Debasnana Purnima or Snana Yatra is exclusively a festival of Lord Jagannath and is said to be one of the oldest. According to Skanda Purana when Raja Indradyumna installed the wooden deities he arranged this bathing ceremony. This day is considered to be the birth-day of Lord Jagannath. Held in the full-moon day of the month of Jyestha this festival is also simultaneously held in all other imprortant shrines of Odisha. However, the festival being most elaborate and important at Puri, it attracts thousands of visitors and piligrims from all over the country.
‘Niladri Mohadaya’, a religious text written in Odisha records the rituals of the festival. Sriharsa in his ‘naisadhiya Charita’ (XV. 89) also refers to this festival of Purusottama. This bathing ceremony has a speciality. As this festival does not find mention in the early religious texts, it is believed to be a tribal ceremony which later crept into the Hindu rites. Jagannath in its early form was being worshipped as Nilamadhaba by a Savara chief called Viswabasu. Till now it is the Daitas and Savaras (tribals) who have the exclusive right to conduct the festival. The tribals called Saoras (of southern Odisha) still perform a rite to bath their deities ceremonially on the last day of the month of Jyestha. For this they collect water from remote jungles where it remains untouched even by the shadow of the animals. Most probably when Jagannath was a Savara God, this festival of the Savaras who tended Him was accepted by the Hindus.
On the previous day of Snana Yatra the images of Jagannath, Balabhadra and Subhadra along with the image of Sudarshana are ceremonially brought out from the sanctum in a procession to the Snana-vedi (Bathing pandal). This special pandal in the temple precinct of Puri is celled Snana Mandap. It is at such a height that visitors standing outside the temple also get a glimpse of the deities. After Mangala Alati, the Suaras and Mahasuaras go in a ceremonial peocession to fetch water from Suna Kua (Golden well) in one hundred and thirty, vessels of copper. All of them cover their mouths with a piece of cloth. Then all the vessels filled with water are preserved in the Bhoga Mandapa. The Palla pandas (a class of Brahms priests) then purify the water with Haridra, Jaba, Benachera, Chandan, Aguru, flowers, perfumes and medicinal herbs.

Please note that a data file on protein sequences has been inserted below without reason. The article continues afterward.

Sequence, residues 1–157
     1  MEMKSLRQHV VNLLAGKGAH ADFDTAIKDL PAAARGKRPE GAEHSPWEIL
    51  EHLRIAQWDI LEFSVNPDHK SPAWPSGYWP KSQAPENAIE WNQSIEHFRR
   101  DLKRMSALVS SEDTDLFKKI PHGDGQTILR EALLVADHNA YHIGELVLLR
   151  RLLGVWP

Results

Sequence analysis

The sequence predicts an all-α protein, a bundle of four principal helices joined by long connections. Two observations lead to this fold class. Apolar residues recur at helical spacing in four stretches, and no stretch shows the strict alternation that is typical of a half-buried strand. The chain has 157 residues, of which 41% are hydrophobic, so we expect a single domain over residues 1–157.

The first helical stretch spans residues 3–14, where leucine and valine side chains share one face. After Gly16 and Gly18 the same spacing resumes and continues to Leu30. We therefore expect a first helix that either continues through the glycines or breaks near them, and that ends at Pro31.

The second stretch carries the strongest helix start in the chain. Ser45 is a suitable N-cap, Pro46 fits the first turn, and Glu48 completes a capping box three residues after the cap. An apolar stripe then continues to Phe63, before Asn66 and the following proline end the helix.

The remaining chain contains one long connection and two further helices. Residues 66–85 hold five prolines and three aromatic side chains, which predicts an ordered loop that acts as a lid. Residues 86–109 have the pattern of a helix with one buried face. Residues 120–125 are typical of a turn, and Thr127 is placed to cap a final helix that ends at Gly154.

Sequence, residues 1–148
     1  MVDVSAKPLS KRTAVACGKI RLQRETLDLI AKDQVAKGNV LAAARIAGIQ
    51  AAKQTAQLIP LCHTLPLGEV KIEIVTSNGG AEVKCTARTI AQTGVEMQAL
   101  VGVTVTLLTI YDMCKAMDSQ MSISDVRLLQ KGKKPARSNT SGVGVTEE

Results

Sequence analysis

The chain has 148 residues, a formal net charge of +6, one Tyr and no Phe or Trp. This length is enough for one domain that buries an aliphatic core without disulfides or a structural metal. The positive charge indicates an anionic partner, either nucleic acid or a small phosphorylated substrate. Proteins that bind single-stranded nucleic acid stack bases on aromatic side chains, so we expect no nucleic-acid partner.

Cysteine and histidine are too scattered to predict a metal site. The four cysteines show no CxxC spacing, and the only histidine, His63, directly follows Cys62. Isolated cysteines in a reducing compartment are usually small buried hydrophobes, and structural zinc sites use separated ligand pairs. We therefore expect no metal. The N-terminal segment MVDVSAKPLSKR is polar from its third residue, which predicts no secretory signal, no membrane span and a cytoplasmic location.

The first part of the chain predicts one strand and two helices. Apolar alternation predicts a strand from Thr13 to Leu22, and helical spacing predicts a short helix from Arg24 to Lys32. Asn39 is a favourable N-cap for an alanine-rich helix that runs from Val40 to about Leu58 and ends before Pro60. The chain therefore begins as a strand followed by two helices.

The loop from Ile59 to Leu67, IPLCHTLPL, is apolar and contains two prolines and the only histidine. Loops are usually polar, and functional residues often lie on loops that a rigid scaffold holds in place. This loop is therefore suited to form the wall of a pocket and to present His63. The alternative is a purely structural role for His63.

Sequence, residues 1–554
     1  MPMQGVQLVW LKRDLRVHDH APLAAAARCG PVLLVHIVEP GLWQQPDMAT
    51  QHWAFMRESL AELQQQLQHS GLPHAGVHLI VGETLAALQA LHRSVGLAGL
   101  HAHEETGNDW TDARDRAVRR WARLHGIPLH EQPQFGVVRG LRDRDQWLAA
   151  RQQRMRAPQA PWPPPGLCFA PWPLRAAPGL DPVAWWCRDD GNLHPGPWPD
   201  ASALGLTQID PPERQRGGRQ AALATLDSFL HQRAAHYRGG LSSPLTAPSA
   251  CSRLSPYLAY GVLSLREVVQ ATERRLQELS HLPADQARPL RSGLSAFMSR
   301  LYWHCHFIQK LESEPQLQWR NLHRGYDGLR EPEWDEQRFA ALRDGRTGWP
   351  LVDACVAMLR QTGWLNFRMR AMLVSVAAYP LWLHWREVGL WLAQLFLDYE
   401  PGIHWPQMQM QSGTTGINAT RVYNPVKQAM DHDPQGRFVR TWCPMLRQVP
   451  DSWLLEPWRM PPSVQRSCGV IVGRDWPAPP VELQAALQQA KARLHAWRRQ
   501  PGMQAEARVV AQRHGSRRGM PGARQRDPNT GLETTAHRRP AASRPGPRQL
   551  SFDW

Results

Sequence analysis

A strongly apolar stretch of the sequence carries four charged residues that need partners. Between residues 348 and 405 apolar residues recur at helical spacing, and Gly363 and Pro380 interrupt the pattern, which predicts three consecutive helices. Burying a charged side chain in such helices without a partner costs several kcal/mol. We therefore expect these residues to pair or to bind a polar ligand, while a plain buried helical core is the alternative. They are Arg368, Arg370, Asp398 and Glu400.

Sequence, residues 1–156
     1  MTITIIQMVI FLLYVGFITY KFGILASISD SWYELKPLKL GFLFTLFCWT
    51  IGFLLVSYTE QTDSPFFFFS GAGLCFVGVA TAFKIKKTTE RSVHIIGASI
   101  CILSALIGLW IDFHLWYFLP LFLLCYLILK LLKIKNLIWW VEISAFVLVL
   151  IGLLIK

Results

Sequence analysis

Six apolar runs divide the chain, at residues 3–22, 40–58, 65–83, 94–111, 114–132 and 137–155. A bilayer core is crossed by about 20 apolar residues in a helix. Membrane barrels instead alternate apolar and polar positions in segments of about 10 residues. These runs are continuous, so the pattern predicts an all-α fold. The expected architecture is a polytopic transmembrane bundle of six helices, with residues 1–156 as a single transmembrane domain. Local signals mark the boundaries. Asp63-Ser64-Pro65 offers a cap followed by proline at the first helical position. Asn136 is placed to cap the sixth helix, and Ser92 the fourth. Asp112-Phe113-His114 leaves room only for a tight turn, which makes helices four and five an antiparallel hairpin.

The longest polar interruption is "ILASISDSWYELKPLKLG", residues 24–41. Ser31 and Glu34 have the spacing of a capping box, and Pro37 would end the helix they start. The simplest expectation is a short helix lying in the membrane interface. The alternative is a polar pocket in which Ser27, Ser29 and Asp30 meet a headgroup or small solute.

On the fourteenth day (Chaturdashi) when the idols are taken out in procession, the whole process is called Pahandi or Pahandi vijay. Scholars have given different interpretations of the term (‘Pahandi’). Some opine that it has been derived from the term ‘Praspanda’ meaning movement. Some others are inclined to interpret it as a derivation from Pandya vijaya. For the festival the Snana Vedi is well decorated with traditional paintings of trees and gardens. Flags and toranas (arches) are also put up. The images are profusely decorated with flowers. All kinds of perfumes such as Dhupa, Aguru etc. are then offered. As the ‘Pahandi’ of the deities takes place to the accompaniment of music and beating of various indigenous drums. Thousands of devotees jostle and crave for a look at the deities in procession.